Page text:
The missile defense shield in Eastern Europe was one of the most ill-conceived security notions to come from the George W. Bush administration, but that's not stopping Republicans from calling foul now that President Obama has rightly put it to rest.
"Scrapping the U.S. missile defense system in Poland and the Czech Republic does little more than empower Russia and Iran at the expense of our allies in Europe," said House Minority Leader John A. Boehner, R-Ohio, following Obama's announcement Thursday. That's news to our allies in Europe. NATO Secretary-General Anders Fogh Rasmussen called it a positive step, German Chancellor Angela Merkel said it was a "hopeful signal" of improved relations, and British Prime Minister Gordon Brown announced his support. Czech Prime Minister Jan Fischer said the move wouldn't hurt his country's strong ties with the United States.
Boehner wasn't finished, though. "It shows a willful determination to continue ignoring the threat posed by some of the most dangerous regimes in the world," he said. That's news to Defense Secretary Robert M. Gates, originally a Bush appointee, who said that the Eastern European shield would be replaced by a system designed to counter the realistic threat of medium- and short-range missiles from Iran, not the nonexistent danger of long-range missiles that Iran doesn't, and may never, possess. Further, the new system can be deployed years sooner.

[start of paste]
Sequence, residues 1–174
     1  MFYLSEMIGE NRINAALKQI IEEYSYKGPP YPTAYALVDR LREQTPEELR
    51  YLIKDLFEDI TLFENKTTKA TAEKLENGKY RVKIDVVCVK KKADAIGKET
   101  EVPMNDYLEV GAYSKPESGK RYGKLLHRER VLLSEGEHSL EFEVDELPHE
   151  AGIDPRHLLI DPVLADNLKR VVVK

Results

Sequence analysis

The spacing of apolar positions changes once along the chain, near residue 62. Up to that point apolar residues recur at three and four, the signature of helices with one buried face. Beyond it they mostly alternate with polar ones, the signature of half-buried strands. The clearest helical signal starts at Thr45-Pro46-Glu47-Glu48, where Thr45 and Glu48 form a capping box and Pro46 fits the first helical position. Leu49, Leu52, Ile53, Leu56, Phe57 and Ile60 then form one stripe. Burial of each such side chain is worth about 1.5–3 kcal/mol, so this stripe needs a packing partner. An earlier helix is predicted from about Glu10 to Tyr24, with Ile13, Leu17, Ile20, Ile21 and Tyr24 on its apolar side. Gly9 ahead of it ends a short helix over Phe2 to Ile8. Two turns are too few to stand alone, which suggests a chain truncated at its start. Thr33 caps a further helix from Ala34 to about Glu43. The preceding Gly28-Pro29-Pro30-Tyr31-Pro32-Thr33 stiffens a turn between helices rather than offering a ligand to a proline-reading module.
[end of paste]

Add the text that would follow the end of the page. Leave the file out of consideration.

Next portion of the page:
We're still waiting for former Vice President Dick Cheney to loom from the shadows and tell Fox News why Obama's decision endangers Americans. Yet the plain truth is that the missile shield involved immensely expensive technology that still doesn't work, designed for a threat that may never materialize. The shield was the biggest irritant in relations between the United States and Russia, whose support is badly needed on sanctions that could halt Iran's development of nuclear weapons, among other issues. Its abandonment is a victory for diplomacy, taxpayers, security and common sense.
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